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Binary Fractions. Fractions. A radix separates the integer part from the fraction part of a number. 101.101 Columns to the right of the radix have negative powers of 2. Fractions. Fractions. Fractions. Fractions. Fractions. Fractions. Another way to assess the fraction:

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fractions
Fractions
  • A radix separates the integer part from the fraction part of a number.

101.101

  • Columns to the right of the radix have negative powers of 2.
fractions6
Fractions

Another way to assess the fraction:

4 2 1 . ½ ¼⅛

1 0 1 . 1 0 1

Just as this is 5

fractions7
Fractions

Another way to assess the fraction:

4 2 1 . ½ ¼ ⅛

1 0 1 . 1 0 1

Just as this is 5 so is this!

fractions8
Fractions

Another way to assess the fraction:

4 2 1 . ½ ¼ ⅛

1 0 1 . 1 0 1

Just as this is 5so is this

Except it’s not 5 ones.

It’s 5 eighths.

fractions9
Fractions

Another way to assess the fraction:

4 2 1 . ½ ¼ ⅛

1 0 1 . 1 0 1

Just as this is 5so is this

Except it’s not 5 ones.

It’s 5 eighths.

fractions10
Fractions

But there’s no dot (.) in Binary!

We need to explore a method for storing fractions without inventing another symbol.

scientific notation
Scientific Notation

Very large and very small numbers are often represented such that their orders of magnitude can be compared.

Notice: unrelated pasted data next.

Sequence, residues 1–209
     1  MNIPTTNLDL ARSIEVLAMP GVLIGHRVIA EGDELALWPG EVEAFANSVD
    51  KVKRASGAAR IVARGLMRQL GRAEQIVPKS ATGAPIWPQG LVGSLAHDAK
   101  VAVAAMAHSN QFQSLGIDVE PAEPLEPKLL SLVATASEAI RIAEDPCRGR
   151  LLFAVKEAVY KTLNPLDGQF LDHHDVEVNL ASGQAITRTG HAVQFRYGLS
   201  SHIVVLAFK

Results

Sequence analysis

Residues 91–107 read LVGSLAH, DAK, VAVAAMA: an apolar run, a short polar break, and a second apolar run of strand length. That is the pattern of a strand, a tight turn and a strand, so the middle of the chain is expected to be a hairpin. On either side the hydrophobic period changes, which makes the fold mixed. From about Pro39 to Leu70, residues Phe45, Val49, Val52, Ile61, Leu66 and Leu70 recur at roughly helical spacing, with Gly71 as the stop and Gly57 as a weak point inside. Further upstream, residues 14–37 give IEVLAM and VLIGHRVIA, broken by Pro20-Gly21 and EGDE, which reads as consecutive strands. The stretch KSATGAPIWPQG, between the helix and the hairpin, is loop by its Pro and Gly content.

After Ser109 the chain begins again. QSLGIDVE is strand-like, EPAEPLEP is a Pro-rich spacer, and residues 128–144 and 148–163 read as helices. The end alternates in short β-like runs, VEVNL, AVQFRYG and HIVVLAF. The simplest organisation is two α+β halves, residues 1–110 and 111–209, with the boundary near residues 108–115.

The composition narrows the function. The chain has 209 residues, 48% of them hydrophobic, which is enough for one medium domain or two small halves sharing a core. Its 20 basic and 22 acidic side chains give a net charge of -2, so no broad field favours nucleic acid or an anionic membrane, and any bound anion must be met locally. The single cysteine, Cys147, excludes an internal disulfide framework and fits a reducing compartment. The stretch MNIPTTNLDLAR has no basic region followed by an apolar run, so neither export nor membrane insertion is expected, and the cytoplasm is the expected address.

The basic concept is an exponential notation using powers of 10.

a × 10b

Where b is an integer, and a is a real number such that:

1 ≤ |a| < 10

scientific notation examples
Scientific Notation - examples

An electron\'s mass is about

0.00000000000000000000000000000091093826 kg.

In scientific notation, this is written:

9.1093826×10−31 kg.

scientific notation examples1
Scientific Notation - examples

An electron\'s mass is about

0.00000000000000000000000000000091093826 kg.

In scientific notation, this is written:

9.1093826×10−31 kg.

scientific notation examples2
Scientific Notation - examples

The Earth\'s mass is about

5,973,600,000,000,000,000,000,000 kg.

In scientific notation, this is written:

5.9736×1024 kg.

scientific notation examples3
Scientific Notation - examples

The Earth\'s mass is about

5,973,600,000,000,000,000,000,000 kg.

In scientific notation, this is written:

5.9736×1024 kg.

e notation
E Notation

To allow values like this to be expressed on calculators and early terminals

‘× 10b’

was replaced by ‘Eb’

So 9.1093826×10−31

becomes 9.1093826E−31

And 5.9736×1024

becomes 5.9736E+24

e notation1
E Notation

The ‘a’ part of the number is called the mantissa or significand.

The ‘Eb’ part is called the exponent.

Since exponents could also be negative, they would typically have a sign as well.

floating point storage
Floating Point Storage

In floating point notation the bit pattern is divided into 3 components:

Sign – 1 bit (0 for +, 1 for -)

Exponent – stored in Excess notation

Mantissa – must begin with 1

floating point storage1
Floating Point Storage

In floating point notation the bit pattern is divided into 3 components:

Sign– 1 bit (0 for +, 1 for -)

Exponent – stored in Excess notation

Mantissa – must begin with 1

floating point storage2
Floating Point Storage